Over 50,000 children under the age of two across the country have missed their regular immunization schedule during the Covid-19 pandemic. And it is estimated that more than 6,000 children in this age group have not taken any doses of the vaccine.
“These children are at high risk of contracting various diseases, which could be prevented with regular vaccination,” said an official from the Ministry of Health and Population, asking not to be named. “Although vaccination coverage of children in the regular immunization program has become normal now, children who have not been vaccinated during the Covid-19 pandemic are a matter of serious concern.”
Immunizing children is the government’s number one priority, under which it provides 13 types of vaccines against a range of diseases, including measles-rubella, pneumonia, tuberculosis, diphtheria, pertussis, tetanus, hepatitis B, rotavirus, Japanese encephalitis and typhoid under the regular free vaccination program.
The coronavirus pandemic has disrupted many health-related programs, including regular vaccination in many places across the country.
With public transport shut down and fear of Covid infection among the population, hundreds of children missed their regular vaccination schedules across the country when the pandemic was at its peak.
Officials from the Ministry of Health and Population admit that the routine immunization program has been affected by the pandemic despite government efforts to maintain services.
“We have to admit that a lot of children missed the vaccine during the Covid-19 pandemic,” said Dr Bibek Kumar Lal, director of the Division of Family Welfare, Department of Health Services. “They are still at risk of contracting vaccine-preventable diseases. We are working to launch a special program to find and inoculate children who missed vaccination during the pandemic. »
Officials said the ministry would seek the help of female community health volunteers to track down the children, who have not received all the vaccines, and inoculate them.
“We will ask health workers to find unvaccinated children and inoculate them,” said Sagar Dahal, head of the national immunization programme.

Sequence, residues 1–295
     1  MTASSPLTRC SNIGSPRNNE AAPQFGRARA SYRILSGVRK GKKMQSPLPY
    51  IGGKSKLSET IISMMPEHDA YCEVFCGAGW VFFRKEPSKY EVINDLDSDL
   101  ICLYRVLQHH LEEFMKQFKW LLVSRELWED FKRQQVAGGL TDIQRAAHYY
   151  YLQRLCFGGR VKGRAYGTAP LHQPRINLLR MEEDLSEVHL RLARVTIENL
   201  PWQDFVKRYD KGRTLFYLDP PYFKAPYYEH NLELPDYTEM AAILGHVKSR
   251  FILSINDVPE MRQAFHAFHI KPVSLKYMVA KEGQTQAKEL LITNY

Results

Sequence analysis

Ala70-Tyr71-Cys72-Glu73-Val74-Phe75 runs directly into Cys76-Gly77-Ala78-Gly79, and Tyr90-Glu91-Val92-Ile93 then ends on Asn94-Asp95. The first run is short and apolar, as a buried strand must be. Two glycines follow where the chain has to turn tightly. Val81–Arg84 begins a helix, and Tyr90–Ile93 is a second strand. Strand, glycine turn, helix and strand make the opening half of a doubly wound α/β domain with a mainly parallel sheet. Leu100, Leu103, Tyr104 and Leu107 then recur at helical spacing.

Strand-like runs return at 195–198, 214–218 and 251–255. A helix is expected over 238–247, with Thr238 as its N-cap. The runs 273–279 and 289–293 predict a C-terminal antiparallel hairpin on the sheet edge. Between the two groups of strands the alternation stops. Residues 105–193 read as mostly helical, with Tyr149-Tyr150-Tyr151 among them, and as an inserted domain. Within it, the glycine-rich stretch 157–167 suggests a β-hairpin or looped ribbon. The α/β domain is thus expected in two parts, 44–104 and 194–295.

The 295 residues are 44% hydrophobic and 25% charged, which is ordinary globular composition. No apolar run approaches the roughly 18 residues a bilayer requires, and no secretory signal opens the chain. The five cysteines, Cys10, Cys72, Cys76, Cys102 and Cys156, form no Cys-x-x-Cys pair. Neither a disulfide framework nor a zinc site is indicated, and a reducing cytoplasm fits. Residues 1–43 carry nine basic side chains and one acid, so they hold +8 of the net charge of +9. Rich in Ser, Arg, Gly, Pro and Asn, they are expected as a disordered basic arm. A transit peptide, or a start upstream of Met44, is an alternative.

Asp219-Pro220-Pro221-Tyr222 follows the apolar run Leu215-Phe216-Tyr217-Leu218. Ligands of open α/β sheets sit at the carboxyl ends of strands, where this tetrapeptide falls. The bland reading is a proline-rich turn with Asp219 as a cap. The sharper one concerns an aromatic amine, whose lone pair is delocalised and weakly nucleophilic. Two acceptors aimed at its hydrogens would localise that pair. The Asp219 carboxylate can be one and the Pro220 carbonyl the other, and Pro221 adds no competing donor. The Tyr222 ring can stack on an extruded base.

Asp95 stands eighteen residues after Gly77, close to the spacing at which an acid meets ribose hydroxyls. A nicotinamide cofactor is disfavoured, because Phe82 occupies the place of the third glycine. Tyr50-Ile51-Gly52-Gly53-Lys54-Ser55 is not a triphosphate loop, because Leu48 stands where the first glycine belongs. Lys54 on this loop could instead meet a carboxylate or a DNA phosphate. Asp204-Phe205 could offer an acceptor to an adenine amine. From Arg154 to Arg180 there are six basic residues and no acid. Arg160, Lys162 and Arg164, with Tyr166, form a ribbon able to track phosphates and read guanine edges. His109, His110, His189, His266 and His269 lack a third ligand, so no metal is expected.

Regular immunization against childhood diseases is one of the most successful programs in Nepal, with a high coverage rate. The country has made remarkable progress in reducing the under-five mortality rate and the regular immunization program is credited for this success.
In 2019, the country was estimated to have reduced its infant mortality rate to 31 per 1,000 live births, or 78% from the 1990 level.
According to the World Health Organization and UNICEF, global measles cases increased by 79% in the first two months of 2022, compared to the same period in 2021. WHO and UNICEF warn of conditions conducive to severe outbreaks of vaccine-preventable diseases.
“Pandemic-related disruptions, growing inequities in access to vaccines, and the diversion of resources from routine immunization are leaving too many children unprotected against measles and other vaccine-preventable diseases,” reads- one in the WHO report. “The risk of large outbreaks has increased as communities relax social distancing practices and other preventive measures for Covid-19 implemented at the height of the pandemic.”
Doctors warn that interrupting the regular immunization program could pose a serious health risk to children and increase the infant mortality rate.
They said the risk of infection and the death rate could increase if vaccines are not given in time.
“We have a deferral schedule, which means if children have missed a vaccine, they can be vaccinated within five years,” said Dr Jhalak Gautam, former head of the national immunization programme. “Relevant authorities should follow the schedule of delays, find children who missed the vaccine and inoculate them.”
Nepal still has a high infant mortality rate and the country needs to do a lot to achieve the Sustainable Development Goals.
Nepal’s current neonatal mortality rate is 21 per 1,000 live births and infant mortality rate is 32 per 1,000 live births. The numbers have stagnated for several years.